Seymchan meteorite pendant in stainless steel covered with protective resin.
Seymchan is a pallasite meteorite found in the dry river bed of the Hekandue river, a left tributary of the Jasačnaja river in the district of Magadan, Russia, near the settlement of Seymchan, in June 1967.
The main mass of 272.3 kg (600 lb) was found during a study made in June 1967 by the geologist FA Mednikov. The mass was a triangular meteorite, a thumb print located among the stones of the river bed. A second specimen of 51 kg (112 lb) was found with a mine detector at a distance of 20 m from the first in October 1967 by IH Markov. The main mass was given to the Academy of sciences of the USSR.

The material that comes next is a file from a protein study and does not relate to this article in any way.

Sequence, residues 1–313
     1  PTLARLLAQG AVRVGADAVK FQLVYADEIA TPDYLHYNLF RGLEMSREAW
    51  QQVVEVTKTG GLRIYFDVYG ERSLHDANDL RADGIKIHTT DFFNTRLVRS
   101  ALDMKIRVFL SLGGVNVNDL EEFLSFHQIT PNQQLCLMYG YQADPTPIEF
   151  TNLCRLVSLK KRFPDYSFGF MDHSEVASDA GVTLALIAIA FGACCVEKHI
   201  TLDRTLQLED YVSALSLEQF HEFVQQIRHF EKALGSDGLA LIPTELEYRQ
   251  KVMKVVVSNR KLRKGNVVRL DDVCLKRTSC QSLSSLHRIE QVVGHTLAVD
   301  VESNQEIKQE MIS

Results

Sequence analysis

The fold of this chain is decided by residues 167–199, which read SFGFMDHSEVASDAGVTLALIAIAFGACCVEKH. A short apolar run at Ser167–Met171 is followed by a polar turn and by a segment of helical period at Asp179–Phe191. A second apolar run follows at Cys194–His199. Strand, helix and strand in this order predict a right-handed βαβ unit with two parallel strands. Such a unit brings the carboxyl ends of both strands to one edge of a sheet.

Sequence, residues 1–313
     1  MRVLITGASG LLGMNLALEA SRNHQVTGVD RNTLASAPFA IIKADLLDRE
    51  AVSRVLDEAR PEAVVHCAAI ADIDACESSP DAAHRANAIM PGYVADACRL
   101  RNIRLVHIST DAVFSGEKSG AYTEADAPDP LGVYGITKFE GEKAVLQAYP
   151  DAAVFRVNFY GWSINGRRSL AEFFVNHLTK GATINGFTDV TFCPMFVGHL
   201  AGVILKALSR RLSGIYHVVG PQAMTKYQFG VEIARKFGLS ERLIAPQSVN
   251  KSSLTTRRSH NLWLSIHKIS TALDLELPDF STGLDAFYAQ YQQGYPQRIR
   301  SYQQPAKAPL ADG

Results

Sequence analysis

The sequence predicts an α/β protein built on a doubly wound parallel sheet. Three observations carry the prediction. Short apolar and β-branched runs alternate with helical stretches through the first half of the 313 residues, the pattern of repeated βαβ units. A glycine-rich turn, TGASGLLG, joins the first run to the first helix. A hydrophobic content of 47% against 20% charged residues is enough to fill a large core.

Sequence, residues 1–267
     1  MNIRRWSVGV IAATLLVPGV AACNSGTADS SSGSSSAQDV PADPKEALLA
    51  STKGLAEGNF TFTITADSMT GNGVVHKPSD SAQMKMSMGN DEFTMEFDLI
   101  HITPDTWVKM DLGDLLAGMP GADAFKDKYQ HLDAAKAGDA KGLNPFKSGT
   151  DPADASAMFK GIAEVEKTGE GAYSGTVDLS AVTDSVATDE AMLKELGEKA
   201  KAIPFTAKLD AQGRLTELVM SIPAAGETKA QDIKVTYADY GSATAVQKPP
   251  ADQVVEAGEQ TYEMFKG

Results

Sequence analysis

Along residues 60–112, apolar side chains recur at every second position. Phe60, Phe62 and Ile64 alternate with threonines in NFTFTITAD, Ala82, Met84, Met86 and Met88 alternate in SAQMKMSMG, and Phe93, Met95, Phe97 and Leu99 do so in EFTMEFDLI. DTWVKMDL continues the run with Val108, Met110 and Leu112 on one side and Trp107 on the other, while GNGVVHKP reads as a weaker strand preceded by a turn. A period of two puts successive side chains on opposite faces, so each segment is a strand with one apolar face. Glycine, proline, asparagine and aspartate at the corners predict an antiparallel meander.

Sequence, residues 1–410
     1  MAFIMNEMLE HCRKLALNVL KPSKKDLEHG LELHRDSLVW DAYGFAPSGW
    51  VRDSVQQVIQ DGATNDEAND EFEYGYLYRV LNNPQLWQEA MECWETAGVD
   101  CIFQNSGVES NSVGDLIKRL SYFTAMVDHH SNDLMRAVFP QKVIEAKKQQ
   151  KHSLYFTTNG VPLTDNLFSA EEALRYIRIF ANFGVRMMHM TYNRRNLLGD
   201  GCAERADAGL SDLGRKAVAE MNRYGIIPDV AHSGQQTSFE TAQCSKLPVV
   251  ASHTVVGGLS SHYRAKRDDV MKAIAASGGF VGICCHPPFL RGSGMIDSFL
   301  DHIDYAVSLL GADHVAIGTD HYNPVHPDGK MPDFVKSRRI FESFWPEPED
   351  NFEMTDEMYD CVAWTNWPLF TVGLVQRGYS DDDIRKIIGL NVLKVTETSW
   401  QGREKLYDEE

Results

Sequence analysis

During a new expedition in 2004, Dmitri Kachalin recovered approx. 50 kg of new material. In a remarkable way, approx. 20% of the new specimens contained crystals of olivine, revealing the silicate nature of the meteorite. The pallasitic structure had not yet been discovered during studies on small sections of the initial mass, composed only of metal.
Seymchan belongs to the main pallasite group, but it is considered unusual because of its high iridium content. Before the discovery of its pallasitic structure, it had been classified in the abnormal coarse octahedrite IIE. Seymchan is considered to be a stable and rust-resistant pallasite.
- Main Mineral/ Name Meteorite
- Mineral Form/ Type Meteorite
- Iron meteorite
- 2.8 g
- Origin (Region/ City)
- Origin (Country)